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Association (EGBA) at promo.skachay-video.online 10 See A. del Ninno, Online Gambling in the European Union: A. Compared Analysis of the Current Legal Framework.


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Online Gambling and Legal Landmines

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Europe's current online gambling regulation is highly fragmented causing many problems for consumers, gambling authorities and online gambling.


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Justice Department: Online Gambling Illegal Under Wire Act

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THE ECONOMIC AND SOCIAL COMMITTEE AND THE COMMITTEE OF THE REGIONS Towards a comprehensive European framework for online gambling.


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The European Gaming and Betting Association (EGBA) is the Brussels-based trade association representing the leading online gaming and betting operators.


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Europe's current online gambling regulation is highly fragmented causing many problems for consumers, gambling authorities and online gambling.


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THE ECONOMIC AND SOCIAL COMMITTEE AND THE COMMITTEE OF THE REGIONS Towards a comprehensive European framework for online gambling.


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Based on an in-depth public consultation, this Communication sets out an action plan which seeks to enhance clarity throughout the EU for the benefit of.


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Responsibility in the Online Gambling Industry: James Kosta at TEDxUniversityofNevada

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THE ECONOMIC AND SOCIAL COMMITTEE AND THE COMMITTEE OF THE REGIONS Towards a comprehensive European framework for online gambling.


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European Commission's Communication 'Towards a Comprehensive European Framework for Online Gambling' addresses all relevant challenges caused by.


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Online Gambling: Never been easier?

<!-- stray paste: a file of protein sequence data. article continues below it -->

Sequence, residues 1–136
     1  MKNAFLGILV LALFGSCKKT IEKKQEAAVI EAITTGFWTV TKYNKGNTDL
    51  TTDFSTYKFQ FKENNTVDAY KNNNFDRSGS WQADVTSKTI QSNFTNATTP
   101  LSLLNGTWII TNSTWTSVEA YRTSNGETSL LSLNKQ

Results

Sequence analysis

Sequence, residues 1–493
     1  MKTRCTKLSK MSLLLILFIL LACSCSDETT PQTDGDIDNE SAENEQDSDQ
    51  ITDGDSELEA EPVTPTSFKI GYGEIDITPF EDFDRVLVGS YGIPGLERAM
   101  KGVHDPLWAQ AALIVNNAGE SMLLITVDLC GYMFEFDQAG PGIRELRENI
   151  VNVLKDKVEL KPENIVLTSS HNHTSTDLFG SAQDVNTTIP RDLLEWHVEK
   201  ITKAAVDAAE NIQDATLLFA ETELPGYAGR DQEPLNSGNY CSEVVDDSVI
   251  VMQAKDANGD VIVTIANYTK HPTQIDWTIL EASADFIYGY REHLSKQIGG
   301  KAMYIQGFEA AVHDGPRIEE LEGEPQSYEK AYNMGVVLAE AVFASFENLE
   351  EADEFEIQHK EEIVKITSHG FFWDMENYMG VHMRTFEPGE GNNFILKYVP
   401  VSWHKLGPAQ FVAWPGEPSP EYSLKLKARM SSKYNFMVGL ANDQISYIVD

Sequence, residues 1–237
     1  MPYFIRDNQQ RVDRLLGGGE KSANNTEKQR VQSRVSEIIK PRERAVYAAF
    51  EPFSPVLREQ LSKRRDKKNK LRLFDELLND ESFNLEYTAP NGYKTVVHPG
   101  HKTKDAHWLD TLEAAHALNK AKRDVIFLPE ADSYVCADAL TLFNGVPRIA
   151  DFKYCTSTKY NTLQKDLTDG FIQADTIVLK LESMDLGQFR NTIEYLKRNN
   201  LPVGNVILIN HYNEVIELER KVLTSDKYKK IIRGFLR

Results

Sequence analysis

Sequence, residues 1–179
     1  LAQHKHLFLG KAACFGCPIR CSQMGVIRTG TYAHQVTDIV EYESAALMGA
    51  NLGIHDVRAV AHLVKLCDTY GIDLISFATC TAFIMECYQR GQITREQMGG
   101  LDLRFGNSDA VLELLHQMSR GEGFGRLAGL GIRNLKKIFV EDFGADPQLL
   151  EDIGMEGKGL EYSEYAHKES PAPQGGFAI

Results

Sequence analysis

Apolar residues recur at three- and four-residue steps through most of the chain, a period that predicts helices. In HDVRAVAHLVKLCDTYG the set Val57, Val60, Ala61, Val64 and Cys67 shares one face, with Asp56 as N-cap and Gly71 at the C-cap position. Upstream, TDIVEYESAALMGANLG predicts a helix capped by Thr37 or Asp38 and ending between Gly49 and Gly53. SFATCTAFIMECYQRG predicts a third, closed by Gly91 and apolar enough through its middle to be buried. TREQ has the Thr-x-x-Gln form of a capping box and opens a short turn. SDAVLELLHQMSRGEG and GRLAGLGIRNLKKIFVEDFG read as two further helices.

In order to ensure effective implementation and enforcement of gambling rules and efficient cross-border administrative cooperation, every Member State should have well-equipped regulatory authorities in place. The Commission's actions on administrative cooperation will help Member States to better understand each other's regulatory frameworks, share good practices and improve convergence in tackling common problems. In the past years infringement cases have been launched by the Commission against a significant number of Member States and remain under investigation to date. As a second step, through dialogue with Member States, the Commission will further explore the possibilities for an exchange of personal data, in compliance with national and EU rules on data protection. Actions aimed at fostering administrative cooperation also need to result in a reduction of unnecessary administrative burdens, in particular in the authorisation process and the supervision of operators authorised in more than one jurisdiction. Member States must demonstrate that the public interest objectives they have freely chosen to ensure are being pursued in a consistent and systematic manner and they must not undertake, facilitate or tolerate measures that would run counter to the achievement of these objectives. The Commission uses the in-depth factual information gathered from the Green Paper consultation as well as the latest case law of the CJEU in its on-going assessment of national legislation in the pending infringement cases and complaints. Successful administrative cooperation requires a clear definition of the areas Member States can request and exchange information on and develop common actions and initiatives. Effective enforcement by Member States of their national legislation — a key prerequisite of which is compliance with EU law — is essential for the attainment of the public interest objectives of their gambling policy. In response to the societal, technological and regulatory challenges, a significant number of Member States has recently reviewed their gambling legislation to take account of new forms of gambling services. Ensuring compliance of national law with the Treaty is therefore a prerequisite of a successful EU policy on online gambling. In an inherently cross-border environment consumers must be able to make informed choices and be able to recognise an authorised gambling offer. Enhancing administrative cooperation will assist Member States and gambling regulators in their regulatory and supervisory role and improve the quality of their work. National regulatory systems must respect EU law. These regulatory changes have led to an increase in the offer of gambling services by operators authorised in an EU Member State over the last few years and to considerable differences in national regulations. The extensive range of offers and the rising level of demand for online gambling services pose a number of challenges when it comes to ensuring the proper implementation of public policy objectives at the national, EU and international level. Such measures also need to be carefully assessed in the light of safeguarding fundamental rights and fundamental freedoms of the TFEU. National regulatory authorities need to have adequate competences and know-how in order to deal with regulatory challenges in a rapidly growing and technology-based market. In this respect, compliance with the EU acquis on data protection shall be ensured[13]. The nature of the online environment means that gambling sites may operate in the EU, outside any form of control carried out by regulators within the EU. The assessment also focuses on the transparency and non-discrimination of licensing schemes as well as on the proportionality of licensing conditions. Compliance of these national rules with the Treaty has been challenged in front of national courts and questions on the interpretation of EU law have been referred to the Court of Justice of the European Union CJEU. Practical cooperation will enable Member States to become familiar with the systems and practices of others, and to develop closer working relations at the operational level. In order to coordinate actions and promote initiatives addressed to countries outside the EU, the Commission will together with Member States identify issues to be raised with third countries and seek to strengthen dialogue with them. There has also been a development in cross-border offers, often not authorised under national rules in the recipient Member State. Preventive protection measures should be aimed at precluding minors gaining access to gambling content.{/INSERTKEYS}{/PARAGRAPH} It also seeks to propose answers to these challenges in the form of actions to be taken both at the national and EU level. In addition, greater and long term collaboration between Member States would enhance the EU's capacity to more effectively tackle the international dimension of online gambling. They also restrict the freedom of operators established in other Member States to provide gambling services. This will require in particular a clear definition of the specific purposes of data processing in order to ensure data quality and minimisation and compliance with other data protection requirements. Preventive enforcement measures aim at reducing the initial contact of citizens with the offer of cross-border online gambling services which are not compliant with the legislation in force in the recipient Member State "unauthorised" [15] and at ensuring compliance with national gambling rules and common principles, such as player education and information, understanding players' choice and behaviour and encouraging responsible business conduct. The development of an attractive range of legal gambling opportunities is also key to effectively prevent consumers from going on unregulated sites. In order to ensure the successful implementation and application of a gambling policy at national and EU level Member States need competent regulatory authorities, cooperating with authorities in other Member States and using all available efficient enforcement means. Throughout the EU Member States converge on the objective of protecting citizens although they differ in terms of the regulatory and technical approaches undertaken to achieve this objective. This Communication, together with the accompanying Commission Staff Working Document[5], identifies the key challenges posed by the co-existence of national regulatory frameworks within the Internal Market. Several of the initiatives announced in this Communication will imply the processing of personal data. The Commission will, wherever necessary, take action to enforce the relevant Treaty provisions in respect of any national rules not complying with EU law, taking into account the latest case law of the CJEU. While Member States usually offer legitimate reasons for the restriction of cross-border gambling services, they must nonetheless demonstrate the suitability and necessity of the measure in question, in particular the existence of a problem linked to the public interest objective at stake and the consistency of the regulatory system. In some European jurisdictions, monopolistic regimes offering online gambling services have been established. The right balance needs to be struck and measures to protect consumers should not have the adverse effect of leading players to seek more attractive offers on unregulated sites. {PARAGRAPH}{INSERTKEYS}The economic significance of the sector is also shown by the high level of innovation of the EU industry and the increasing amount of tax revenues generated in the Member States. Many of these challenges are of a cross-border nature, often originating from outside the EU. Finally, this Communication responds to the Council's conclusions on the framework for gambling and betting in the EU Member States[8], a series of Presidency progress reports[9], the resolution of the European Parliament on online gambling in the Internal Market[10] and to the Opinion of the European Economic and Social Committee[11]. Furthermore, the compliance of draft national legislation on on-line gambling with EU law will continue to be assessed under the so-called notification procedure[12]. Enhanced administrative cooperation is imperative if today's regulatory challenges are to be met. These include the internet and other means of electronic or distance communication such as mobile phone technology or digital TV. The proposed actions focus on online gambling services and issues linked to the free movement of services Article 56 TFEU and the freedom of establishment Article 49 TFEU in light of the growth of online gambling in the EU and the well-developed cross-border supply of such services. These proposed actions seek to address the risks emanating from unregulated markets and organised crime, such as fraud and rigging of events. While Member States are in principle free to set the objectives of their policy on games of chance and to define in detail the level of protection sought, national regulatory frameworks have to comply with EU law and internal market principles and rules. These are run either by a state-controlled public operator or by a private operator on the basis of an exclusive right. Appropriate action in the EU is needed so as to: 1 draw consumers away from unregulated and potentially harmful offers, 2 protect minors from accessing gambling facilities, 3 safeguard other vulnerable groups and 4 prevent the development of gambling-related disorders[18]. In light of this, the Commission proposes to undertake action, together with the Member States, designed to offer a common and high level of protection to all European consumers and citizens, including minors and vulnerable groups. However, a number of the actions are pertinent to both online and offline gambling services[7]. In a series of judgements, the CJEU has provided general guidance on the interpretation of the fundamental freedoms of the internal market in the area of online gambling, taking into account the specific nature of gambling activities, with a view to enabling national courts to assess the circumstances under which restrictive national gambling laws are justified on grounds related to the general interest. Few Member States prohibit the offering of games of chance on the internet, either for all games or for certain types, such as poker and casino games. Overall, it does not appear appropriate at this stage to propose sector specific EU legislation. Effective enforcement depends, inter alia, on a sound organisational structure and full competences for the national gambling authority, adequate administrative cooperation with other regulators and suitable enforcement tools. As not all regulatory authorities may have full competences for the supervision of the gambling market they may need to cooperate with other relevant authorities at regional or national level in order to meet demands for cooperation from other Member States' regulators and not to fall short of their expectations. Furthermore, an appropriate structure has to be in place, with a clear mandate for cooperation which can address the operational needs of regulatory authorities. The responses to the consultation differ both in terms of the content and the instruments that should be used for EU initiatives. It is important for authorised operators to be able to offer sufficiently attractive products, because in the absence of credible and sustainable offers consumers will continue to turn to unregulated gambling websites, with the ensuing potentially harmful effects. Responsive enforcement measures, such as limiting access to websites offering unauthorised gambling services or blocking payments between players and unauthorised gambling operators, have certain benefits but also possible shortcomings. The national rules focus mainly on consumer protection objectives, in particular the prevention of problem gambling and the protection of minors, and on crime and fraud prevention. Through that public consultation it sought to obtain a full picture of the existing situation, to facilitate the exchange of best practices between Member States and to determine how, in due consideration of their public policy objectives and without undermining the internal market, the differing national regulatory models for gambling can coexist and whether specific action may be needed at the EU level to ensure greater coherence. However, there was an almost unanimous call for policy action at EU level and the responses allow for a clear identification of the key priority areas where action is required. All citizens should enjoy a high level of common protection throughout the internal market. In view of the type of challenges posed by the development of online gambling and their implications for each Member State it is not possible for Member States to effectively address these challenges alone and to provide individually a properly regulated and sufficiently safe offer of online gambling services. In view of the developments regarding the offer and promotion of online gambling in the EU greater clarity is needed. Member States may restrict or limit the cross-border supply of all or certain types of online gambling services on the basis of public interest objectives that they seek to protect in relation to gambling. The certification and standardisation of online gambling equipment can also play an important role in this respect. Consumers in Europe also search across borders for online gambling services which, if not properly regulated, may expose them to significant risks. This Communication proposes a combination of initiatives and relevant measures covering a range of issues, seeking to enhance legal clarity and establish policies based on available evidence. The Commission is preparing a horizontal initiative on notice-and-action procedures which should provide the clarity needed. The Commission has drawn from good practices in the EU and Member States in order to propose responses to the varied range of issues related to online gambling. A first immediate step on cooperation is to focus on exchange of general information and best practice, in order to share intelligence and experience and to build trust and a sense of mutual interest between regulators. The precise form of cooperation between national regulators depends on the kind of information and data that can be exchanged between the authorities. It is estimated that about 6. National rules which prohibit the provision of gambling services authorised in other Member States were found to restrict the freedom of national residents to receive, over the internet, services offered in other Member States. Action requires efforts of all stakeholders. A number of Member States has experience with protecting consumers in the online environment. In addition, cooperation could be enhanced via the network established by the Consumer Protection Cooperation Regulation which allows cross-border enforcement actions[16]. Simultaneously with the adoption of this Communication, the Commission is inviting the Member States concerned to provide information about the latest developments of their gambling legislation. Therefore, action at EU level should aim at adequately protecting all citizens in Europe within a balanced regulated environment. Responsive enforcement measures that require online intermediaries hosting illegal gambling offers to take action take down the offer or disable access to the offer to customers in specific Member States , could benefit from clarification as regards the procedures to be followed. Overall, the initiatives are expected to contribute to an improved framework governing online gambling services in the EU and pave the way for strengthened cooperation between Member States' regulatory authorities. A common set of principles elaborated at EU level should aim at ensuring a high level of consumer protection. A growing number of Member States has however established licensing systems thus allowing more than one operator to offer services on the market. The Member States against whom infringement cases are open or complaints have been registered will be asked to provide legal and factual updated information to enable the Commission to complete its assessment of compatibility with EU law. The Staff Working Document provides more detailed information resulting from the analysis of the responses to the Green Paper, the proposed initiatives in this Action Plan, as well as relevant data. Faced with information overload, consumers do rely on labels[20]. The CJEU has confirmed that the provision and the use of cross-border gambling offers is an economic activity that falls within the scope of the fundamental freedoms of the TFEU. While fully respecting each Member State's right to determine the regulatory framework for gambling services, the Commission sees significant benefits in the development of a range of authorised gambling opportunities in order to effectively dissuade consumers from using other gambling offers. The fast pace of online technologies development in recent years has facilitated the provision of gambling services through diverse remote distribution channels. Improving the protection of consumers and the regulatory environment is in the interest of all Member States and all stakeholders. Therefore, the Commission encourages that details of the relevant regulating authority feature prominently on the website of operators and that the level of consumer information and knowledge is improved. The gambling industry has also developed valuable technical expertise and self-regulatory approaches for socially responsible gambling. Online gambling regulation in Member States is characterised by a diversity of regulatory frameworks. These actions, fully taking into account the principles of subsidiarity and proportionality, highlight five priority areas to address the challenges in the EU:. Cooperation within the EU will not respond to all the challenges in the online gambling market.